Versatile F-4 Phantoms making 'final flight' for US military

F-4 Phantoms

Community members and military veterans gathered at Holloman Air Force Base Tuesday for a special farewell ceremony.

The last of thousands of F-4 Phantom jets that have been a workhorse for the U.S. military over five decades are being put to pasture at Holloman Air Force Base to serve as ground targets for strikes by newer aircraft.

Veterans and visitors stood to together as the Air Force held a "final flight" retirement ceremony where the last F-4s are still flying for the U.S. military.

One of the last pilots to fly the F-4s at the base was in attendance.

"It's a bittersweet day cause I'm going to stop flying. I've done about, let's see math, 82, about 34 years of flying and about 5,800hours of flying and I'm going to hang it up finally after this one," said pilot Jim Harkins.

The ceremony celebrated the airplane's rich military history as the jet was a mainstay during the Vietnam War and used for decades for reconnaissance missions and anti-missile electronic jamming.

The last F-4s still flying for the U.S. military took on a different role, serving as aerial targets and test aircraft.

Retired Major General William Acker and several other veterans watched as the F-4 Phantom II took it’s last flight.

"I was one of the original pilots that started the F-4 aircraft,” Acker said.

Built in the early 1960’s by McDonnell Douglas, the F-4 Phantom II was one of the primary fighter aircrafts used by the U.S. Air Force. during the Vietnam War.

The F-4’s were built with two engines and were known to reach speeds up to twice the speed of sound.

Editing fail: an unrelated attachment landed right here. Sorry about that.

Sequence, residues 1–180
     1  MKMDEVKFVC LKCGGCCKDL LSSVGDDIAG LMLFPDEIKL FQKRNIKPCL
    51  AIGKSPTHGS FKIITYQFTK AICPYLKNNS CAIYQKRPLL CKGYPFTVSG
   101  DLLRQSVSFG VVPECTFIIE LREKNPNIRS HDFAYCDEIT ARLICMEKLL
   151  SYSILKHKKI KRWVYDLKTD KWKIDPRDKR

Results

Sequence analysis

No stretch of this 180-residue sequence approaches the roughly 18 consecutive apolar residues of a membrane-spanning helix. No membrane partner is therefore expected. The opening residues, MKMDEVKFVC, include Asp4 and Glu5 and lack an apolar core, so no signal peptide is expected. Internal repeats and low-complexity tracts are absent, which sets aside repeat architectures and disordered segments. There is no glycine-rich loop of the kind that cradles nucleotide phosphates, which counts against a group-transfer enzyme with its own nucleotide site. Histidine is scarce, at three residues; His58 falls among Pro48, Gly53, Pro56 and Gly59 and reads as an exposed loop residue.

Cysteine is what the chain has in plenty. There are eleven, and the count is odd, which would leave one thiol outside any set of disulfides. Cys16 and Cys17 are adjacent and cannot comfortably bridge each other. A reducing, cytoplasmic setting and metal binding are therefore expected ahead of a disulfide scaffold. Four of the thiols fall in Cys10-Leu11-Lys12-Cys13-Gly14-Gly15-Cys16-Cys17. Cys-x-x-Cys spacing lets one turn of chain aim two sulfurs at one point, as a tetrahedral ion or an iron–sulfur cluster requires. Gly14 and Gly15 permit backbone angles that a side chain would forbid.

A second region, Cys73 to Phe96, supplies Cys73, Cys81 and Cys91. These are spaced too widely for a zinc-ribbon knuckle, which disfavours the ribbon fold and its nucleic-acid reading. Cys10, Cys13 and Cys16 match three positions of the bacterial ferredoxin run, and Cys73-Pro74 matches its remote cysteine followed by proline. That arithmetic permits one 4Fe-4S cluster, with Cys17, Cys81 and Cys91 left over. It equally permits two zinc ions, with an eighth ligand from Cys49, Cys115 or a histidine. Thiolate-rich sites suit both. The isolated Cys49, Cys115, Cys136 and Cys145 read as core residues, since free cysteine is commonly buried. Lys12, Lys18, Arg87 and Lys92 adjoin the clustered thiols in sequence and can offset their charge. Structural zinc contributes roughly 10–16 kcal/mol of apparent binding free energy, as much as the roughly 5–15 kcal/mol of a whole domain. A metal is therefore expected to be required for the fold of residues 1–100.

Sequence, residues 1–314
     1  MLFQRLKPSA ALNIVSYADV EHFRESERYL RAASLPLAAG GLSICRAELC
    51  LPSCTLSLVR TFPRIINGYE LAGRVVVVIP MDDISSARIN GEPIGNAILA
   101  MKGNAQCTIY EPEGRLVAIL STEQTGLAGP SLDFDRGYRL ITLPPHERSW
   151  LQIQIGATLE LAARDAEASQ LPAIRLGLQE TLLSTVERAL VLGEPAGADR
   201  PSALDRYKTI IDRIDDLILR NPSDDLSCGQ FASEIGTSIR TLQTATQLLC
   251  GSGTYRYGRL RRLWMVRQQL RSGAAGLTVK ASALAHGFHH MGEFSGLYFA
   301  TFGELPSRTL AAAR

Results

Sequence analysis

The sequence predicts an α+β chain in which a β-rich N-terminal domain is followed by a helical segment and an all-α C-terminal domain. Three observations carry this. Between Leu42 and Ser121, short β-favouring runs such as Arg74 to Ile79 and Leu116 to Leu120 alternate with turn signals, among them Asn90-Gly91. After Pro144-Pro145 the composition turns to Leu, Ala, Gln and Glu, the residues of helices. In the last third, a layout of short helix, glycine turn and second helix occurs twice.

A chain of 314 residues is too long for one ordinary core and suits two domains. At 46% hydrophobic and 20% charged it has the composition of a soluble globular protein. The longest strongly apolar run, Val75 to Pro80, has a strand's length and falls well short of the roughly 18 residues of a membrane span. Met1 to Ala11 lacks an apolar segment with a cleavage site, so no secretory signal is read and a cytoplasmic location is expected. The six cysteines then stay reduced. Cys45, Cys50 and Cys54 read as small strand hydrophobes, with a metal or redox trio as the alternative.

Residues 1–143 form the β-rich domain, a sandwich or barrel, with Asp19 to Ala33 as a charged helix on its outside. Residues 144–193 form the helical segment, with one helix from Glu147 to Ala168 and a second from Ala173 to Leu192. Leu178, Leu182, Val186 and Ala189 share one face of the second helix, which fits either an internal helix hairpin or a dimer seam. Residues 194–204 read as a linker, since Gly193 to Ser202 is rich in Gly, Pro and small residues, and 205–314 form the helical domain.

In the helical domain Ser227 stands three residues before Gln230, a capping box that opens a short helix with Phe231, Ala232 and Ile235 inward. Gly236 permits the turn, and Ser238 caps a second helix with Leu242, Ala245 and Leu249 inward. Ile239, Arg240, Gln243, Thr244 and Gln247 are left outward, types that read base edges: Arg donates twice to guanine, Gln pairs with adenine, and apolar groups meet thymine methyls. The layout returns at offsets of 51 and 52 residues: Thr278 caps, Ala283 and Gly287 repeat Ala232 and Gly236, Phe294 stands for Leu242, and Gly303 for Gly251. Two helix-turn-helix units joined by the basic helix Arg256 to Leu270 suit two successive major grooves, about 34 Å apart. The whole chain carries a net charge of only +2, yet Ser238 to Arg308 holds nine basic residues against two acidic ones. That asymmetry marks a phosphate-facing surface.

Acker was the 4th pilot to ever fly one of the original F-4 Phantom II fighter jets back in the '60s.

"I have a lot of memories in this old bird that's why I'm here, it means a lot to me,” Acker said.

He started his career as a young pilot flying F4’s during the Vietnam War, eventually becoming a major general in

England where he last took fight in an F-4.

Veteran Bill Sobeck told me, for him, the day was bittersweet.

"We grew up with these. I mean I grew up with these. So them not being around again, like I said, it's just the way it goes,” Sobeck said.

Veterans shared war stories at the Holloman Air Force Base during the final flights for the F-4 Phantom II’s.

Each held on to their gratitude as they recalled how the F-4 Phantom II brought them home safely to their families after every mission.

"A lot of them (veterans) can't make it, and I know they'll see readings and writings of their aircraft, and everyone's got a tail number that they flew so that will be important to them,” Sobeck said.

The remaining F-4 Phantom II’s will be used as targets during training.

If you missed today’s event, tomorrow you’ll have one more chance to catch the F-4 in the sky.

Wednesday, Dec. 21 will be the final flight and ceremony starting at 8 a.m. - 1 p.m.

close video ad
Unmutetoggle ad audio on off